U.S. Sentencing Commission recommends broadening hate crimes categories
WASHINGTON, D.C. (Press Release) — At its January 12 public meeting, the United States Sentencing Commission voted to publish for public comment proposed guideline amendments and issues for comment on a wide range of topics that include alternatives to incarceration, the relevance of specific offender characteristics to sentencing, and penalties for hate crimes. The 60-day public comment period runs through mid-March 2010, and a public hearing on the proposed amendments is scheduled in Washington, D.C., for March 18, 2010.
Judge William K. Sessions III, the Sentencing Commission chair, said, “The series of seven regional public hearings that will conclude in Phoenix this month has given us the benefit of the knowledge and experience of all parts of the criminal justice system: judges, prosecutors, defense counsel, law enforcement officials, representatives of public interest groups, and academics. We have listened to them and have listened well. We are seeking as much input and as broad a knowledge-base as possible and are moving towards the next step in this listening process, which is the publication for comment of these proposed amendments and issues for comment.”
The Commission voted to issue for comment a proposed amendment expanding the court’s authority to impose an alternative to incarceration for drug offenders who need treatment for drug addiction and who meet certain criteria. The proposed amendment creates a new guideline that gives the court the authority to impose a sentence of probation with a requirement that the offender participate in a substance abuse treatment program. The defendant receiving such a sentence must be a willing participant in the program and must have committed the offense while addicted to a controlled substance. In addition, the offender must have committed a lower-level offense, and the offender must meet the “safety valve” criteria as specified in the sentencing guidelines.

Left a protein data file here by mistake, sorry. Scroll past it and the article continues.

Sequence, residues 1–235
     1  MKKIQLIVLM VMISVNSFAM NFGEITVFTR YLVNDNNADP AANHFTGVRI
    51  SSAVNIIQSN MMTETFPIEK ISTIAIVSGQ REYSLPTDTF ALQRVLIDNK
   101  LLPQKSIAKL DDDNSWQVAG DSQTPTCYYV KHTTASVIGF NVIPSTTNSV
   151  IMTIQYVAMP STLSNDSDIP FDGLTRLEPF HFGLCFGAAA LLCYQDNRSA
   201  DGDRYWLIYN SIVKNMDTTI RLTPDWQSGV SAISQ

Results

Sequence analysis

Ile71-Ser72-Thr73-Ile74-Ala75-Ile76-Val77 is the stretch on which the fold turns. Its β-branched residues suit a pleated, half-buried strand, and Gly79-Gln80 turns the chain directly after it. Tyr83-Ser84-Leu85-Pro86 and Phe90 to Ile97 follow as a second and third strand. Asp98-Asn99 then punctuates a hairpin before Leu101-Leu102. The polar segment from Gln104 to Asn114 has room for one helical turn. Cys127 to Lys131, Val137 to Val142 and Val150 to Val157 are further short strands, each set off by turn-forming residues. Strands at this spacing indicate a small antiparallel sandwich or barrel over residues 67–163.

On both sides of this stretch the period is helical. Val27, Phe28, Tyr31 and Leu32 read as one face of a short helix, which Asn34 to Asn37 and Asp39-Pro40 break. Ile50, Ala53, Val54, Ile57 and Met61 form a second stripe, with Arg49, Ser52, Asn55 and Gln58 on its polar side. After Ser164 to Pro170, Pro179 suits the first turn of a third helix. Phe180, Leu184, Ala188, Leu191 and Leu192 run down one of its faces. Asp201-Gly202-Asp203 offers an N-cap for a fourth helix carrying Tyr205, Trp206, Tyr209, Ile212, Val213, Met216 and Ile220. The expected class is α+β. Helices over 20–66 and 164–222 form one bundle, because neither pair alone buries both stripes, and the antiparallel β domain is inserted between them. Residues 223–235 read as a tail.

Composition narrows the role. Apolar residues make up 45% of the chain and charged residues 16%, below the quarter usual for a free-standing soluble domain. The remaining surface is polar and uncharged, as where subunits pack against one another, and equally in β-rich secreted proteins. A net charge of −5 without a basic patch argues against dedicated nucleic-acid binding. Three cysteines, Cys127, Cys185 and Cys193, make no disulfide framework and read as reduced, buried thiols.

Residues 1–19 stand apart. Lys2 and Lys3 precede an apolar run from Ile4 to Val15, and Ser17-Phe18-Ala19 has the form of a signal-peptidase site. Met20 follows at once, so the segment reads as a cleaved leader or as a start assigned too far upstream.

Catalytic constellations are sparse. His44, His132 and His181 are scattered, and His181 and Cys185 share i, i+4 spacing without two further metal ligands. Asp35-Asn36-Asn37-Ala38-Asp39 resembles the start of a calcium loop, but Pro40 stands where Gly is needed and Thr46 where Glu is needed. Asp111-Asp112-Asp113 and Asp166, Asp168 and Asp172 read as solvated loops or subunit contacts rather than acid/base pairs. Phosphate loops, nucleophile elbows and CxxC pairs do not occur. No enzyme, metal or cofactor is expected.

The proposed amendment also would expand by one offense level Zones B and C in the guidelines’ sentencing table, making additional defendants eligible for the sentencing alternatives provided in the guidelines. Currently, the sentencing guidelines give the court the authority to sentence eligible defendants to community confinement, intermittent confinement, or home detention. The Commission also provided a number of issues for comment regarding alternative sentencing that includes a request for comment on defendants suffering from other conditions (e.g., mental conditions) and whether they, too, should be eligible for a treatment program as an alternative to incarceration.
The Commission issued for comment a proposed amendment responding to the Matthew Shepard and James Byrd, Jr. Hate Crimes Prevention Act. The proposed amendment would broaden the sentencing guideline for offenses involving individual rights to now specifically include the new hate crime offense, which makes it unlawful to willfully cause bodily injury to a person because of the person’s race, color, religion, national origin, gender, sexual orientation, gender identity, or disability. The Act also created a second new offense, relating to attacking a United States serviceman on account of his or her service, and the Commission proposed an amendment incorporating into the guidelines this new offense. The Commission also proposed an expansion of the definition of a hate crime in its penalty enhancement for hate crimes to now include victims who were targeted because of their “gender identity.”
The Commission also is seeking public comment on the extent to which specific offender characteristics should be relevant at sentencing. In particular, the Commission asks for comment on five particular offender characteristics: age; mental and emotional condition; physical condition, including drug dependence; lack of guidance as a youth; and military, civic, charitable, or public service, employment-related contributions, and prior good works.
Other proposed guideline amendments refer to guideline issues that include the calculation of criminal history points; the procedure to follow when arriving at a sentence, a departure, or a variance; and defacing a paleontological resource on federal land.
The full text of the proposed changes to the sentencing guidelines and issues for comment will soon be available on the Commission’s web site at www.ussc.gov.
The United States Sentencing Commission, an independent agency in the judicial branch of the federal government, was organized in 1985 to develop a national sentencing policy for the federal courts. The resulting sentencing guidelines structure the courts’ sentencing discretion to help ensure that similar offenders who commit similar offenses receive similar sentences.
Preceding provided by U.S. Sentencing Commission